Journal of Inherited Metabolic Disease

, Volume 36, Issue 3, pp 427–434 | Cite as

Metabolite proofreading, a neglected aspect of intermediary metabolism

  • Emile Van Schaftingen
  • Rim Rzem
  • Alexandre Marbaix
  • François Collard
  • Maria Veiga-da-Cunha
  • Carole L. Linster
Original Article

Abstract

Enzymes of intermediary metabolism are less specific than what is usually assumed: they often act on metabolites that are not their ‘true’ substrate, making abnormal metabolites that may be deleterious if they accumulate. Some of these abnormal metabolites are reconverted to normal metabolites by repair enzymes, which play therefore a role akin to the proofreading activities of DNA polymerases and aminoacyl-tRNA synthetases. An illustrative example of such repair enzymes is L-2-hydroxyglutarate dehydrogenase, which eliminates a metabolite abnormally made by a Krebs cycle enzyme. Mutations in L-2-hydroxyglutarate dehydrogenase lead to L-2-hydroxyglutaric aciduria, a leukoencephalopathy. Other examples are the epimerase and the ATP-dependent dehydratase that repair hydrated forms of NADH and NADPH; ethylmalonyl-CoA decarboxylase, which eliminates an abnormal metabolite formed by acetyl-CoA carboxylase, an enzyme of fatty acid synthesis; L-pipecolate oxidase, which repairs a metabolite formed by a side activity of an enzyme of L-proline biosynthesis. Metabolite proofreading enzymes are likely quite common, but most of them are still unidentified. A defect in these enzymes may account for new metabolic disorders.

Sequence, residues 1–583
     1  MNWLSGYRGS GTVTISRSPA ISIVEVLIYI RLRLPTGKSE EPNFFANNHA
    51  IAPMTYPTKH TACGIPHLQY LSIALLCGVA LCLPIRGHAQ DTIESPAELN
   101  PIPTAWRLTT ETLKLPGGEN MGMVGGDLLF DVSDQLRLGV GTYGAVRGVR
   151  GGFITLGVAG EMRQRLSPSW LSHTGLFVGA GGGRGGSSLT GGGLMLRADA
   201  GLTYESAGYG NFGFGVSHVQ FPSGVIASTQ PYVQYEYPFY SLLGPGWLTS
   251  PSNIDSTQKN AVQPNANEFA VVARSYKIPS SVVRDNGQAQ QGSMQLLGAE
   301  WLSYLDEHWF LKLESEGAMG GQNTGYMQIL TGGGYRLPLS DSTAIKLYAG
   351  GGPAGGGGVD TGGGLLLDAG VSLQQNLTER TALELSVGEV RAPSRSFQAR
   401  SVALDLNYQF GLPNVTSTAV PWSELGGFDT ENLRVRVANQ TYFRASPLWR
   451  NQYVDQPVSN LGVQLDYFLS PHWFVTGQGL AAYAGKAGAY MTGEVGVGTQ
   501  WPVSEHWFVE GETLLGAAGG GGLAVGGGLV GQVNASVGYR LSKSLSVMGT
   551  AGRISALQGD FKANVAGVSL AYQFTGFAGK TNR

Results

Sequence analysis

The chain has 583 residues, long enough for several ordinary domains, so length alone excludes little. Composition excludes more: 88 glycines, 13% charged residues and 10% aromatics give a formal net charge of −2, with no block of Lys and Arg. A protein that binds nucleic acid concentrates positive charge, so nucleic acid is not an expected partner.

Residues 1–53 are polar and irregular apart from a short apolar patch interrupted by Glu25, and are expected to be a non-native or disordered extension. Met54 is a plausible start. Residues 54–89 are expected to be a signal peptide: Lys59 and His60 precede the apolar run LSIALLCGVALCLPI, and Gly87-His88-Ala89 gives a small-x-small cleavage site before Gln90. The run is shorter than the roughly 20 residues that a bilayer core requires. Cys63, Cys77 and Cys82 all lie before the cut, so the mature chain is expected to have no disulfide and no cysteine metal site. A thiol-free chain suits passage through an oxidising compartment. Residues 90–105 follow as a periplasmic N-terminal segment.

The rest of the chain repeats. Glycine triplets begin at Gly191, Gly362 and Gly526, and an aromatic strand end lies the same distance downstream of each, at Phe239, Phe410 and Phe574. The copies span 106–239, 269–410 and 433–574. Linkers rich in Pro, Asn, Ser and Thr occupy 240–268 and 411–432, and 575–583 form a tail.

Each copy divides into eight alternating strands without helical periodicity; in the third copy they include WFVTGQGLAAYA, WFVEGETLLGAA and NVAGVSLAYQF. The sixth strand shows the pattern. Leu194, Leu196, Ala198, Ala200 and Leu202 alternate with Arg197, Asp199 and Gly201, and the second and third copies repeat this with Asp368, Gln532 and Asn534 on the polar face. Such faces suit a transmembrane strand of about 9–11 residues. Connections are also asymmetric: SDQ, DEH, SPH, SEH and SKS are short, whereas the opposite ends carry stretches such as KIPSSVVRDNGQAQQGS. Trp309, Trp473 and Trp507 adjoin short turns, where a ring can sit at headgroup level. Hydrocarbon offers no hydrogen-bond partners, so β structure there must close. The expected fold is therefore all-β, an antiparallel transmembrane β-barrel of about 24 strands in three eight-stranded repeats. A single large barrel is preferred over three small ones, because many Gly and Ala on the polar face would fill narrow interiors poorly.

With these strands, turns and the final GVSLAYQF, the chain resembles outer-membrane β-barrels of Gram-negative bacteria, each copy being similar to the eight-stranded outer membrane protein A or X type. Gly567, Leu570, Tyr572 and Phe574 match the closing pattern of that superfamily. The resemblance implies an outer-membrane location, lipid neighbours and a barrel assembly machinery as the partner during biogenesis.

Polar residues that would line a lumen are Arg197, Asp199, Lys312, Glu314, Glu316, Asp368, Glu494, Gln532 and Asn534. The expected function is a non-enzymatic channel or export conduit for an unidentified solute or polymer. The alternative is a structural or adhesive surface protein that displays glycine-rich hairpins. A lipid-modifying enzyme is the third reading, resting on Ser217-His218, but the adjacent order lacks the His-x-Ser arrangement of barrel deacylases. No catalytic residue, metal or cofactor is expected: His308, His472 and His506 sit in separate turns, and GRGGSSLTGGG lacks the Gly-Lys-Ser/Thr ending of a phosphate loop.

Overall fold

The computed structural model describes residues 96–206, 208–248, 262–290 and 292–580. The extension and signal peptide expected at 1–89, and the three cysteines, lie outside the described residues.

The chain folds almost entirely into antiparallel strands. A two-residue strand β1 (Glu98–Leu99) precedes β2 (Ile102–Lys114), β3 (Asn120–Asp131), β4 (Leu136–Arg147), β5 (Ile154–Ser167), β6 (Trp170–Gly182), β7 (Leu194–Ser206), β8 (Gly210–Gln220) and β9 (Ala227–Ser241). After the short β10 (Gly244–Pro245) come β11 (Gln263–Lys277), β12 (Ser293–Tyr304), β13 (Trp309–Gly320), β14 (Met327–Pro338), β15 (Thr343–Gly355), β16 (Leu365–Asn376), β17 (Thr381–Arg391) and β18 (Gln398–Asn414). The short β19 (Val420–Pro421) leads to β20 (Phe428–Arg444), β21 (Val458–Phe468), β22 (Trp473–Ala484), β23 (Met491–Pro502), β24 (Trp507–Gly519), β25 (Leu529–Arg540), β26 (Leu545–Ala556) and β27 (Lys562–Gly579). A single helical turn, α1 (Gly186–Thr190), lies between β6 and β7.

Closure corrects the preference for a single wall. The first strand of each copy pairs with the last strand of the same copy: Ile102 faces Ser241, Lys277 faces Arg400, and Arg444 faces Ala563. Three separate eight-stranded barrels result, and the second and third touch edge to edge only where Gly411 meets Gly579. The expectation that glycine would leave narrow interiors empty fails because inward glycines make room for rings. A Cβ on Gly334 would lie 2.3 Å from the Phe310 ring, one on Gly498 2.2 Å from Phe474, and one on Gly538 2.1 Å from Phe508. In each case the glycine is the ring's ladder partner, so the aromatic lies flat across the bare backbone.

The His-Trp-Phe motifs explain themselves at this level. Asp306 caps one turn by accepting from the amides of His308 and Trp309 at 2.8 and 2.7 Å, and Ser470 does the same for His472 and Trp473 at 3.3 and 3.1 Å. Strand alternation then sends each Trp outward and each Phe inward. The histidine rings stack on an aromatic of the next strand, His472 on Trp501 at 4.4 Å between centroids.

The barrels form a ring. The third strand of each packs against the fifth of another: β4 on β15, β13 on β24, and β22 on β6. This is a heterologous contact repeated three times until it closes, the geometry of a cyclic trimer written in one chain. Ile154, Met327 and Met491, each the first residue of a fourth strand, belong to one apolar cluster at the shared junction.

Abbreviations

L2HGDH

L-2-hydroxyglutarate dehydrogenase gene

D2HGDH

D-2-hydroxyglutarate dehydrogenase gene

Notes

Acknowledgments

MVDC is Chercheur Qualifié of the Belgian FNRS. Alexandre Marbaix is supported by a FRIA fellowship. Work described in this review is supported by the Fonds National de la Recherche Scientifique (FNRS) and the Walloon region (Welbio) (EVS, RR, AM, FC, MVDC), and by the European Union Seventh Framework Programme (FP7/2007–2013) under grant agreement 276814 (CLL).

Conflict of interest

None.

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Copyright information

© SSIEM and Springer Science+Business Media Dordrecht 2012

Authors and Affiliations

  • Emile Van Schaftingen
    • 1
  • Rim Rzem
    • 1
  • Alexandre Marbaix
    • 1
  • François Collard
    • 1
  • Maria Veiga-da-Cunha
    • 1
  • Carole L. Linster
    • 2
  1. 1.Welbio and de Duve InstituteUniversité catholique de LouvainBrusselsBelgium
  2. 2.Luxembourg Centre for Systems BiomedicineUniversity of LuxembourgEsch-sur-AlzetteLuxembourg

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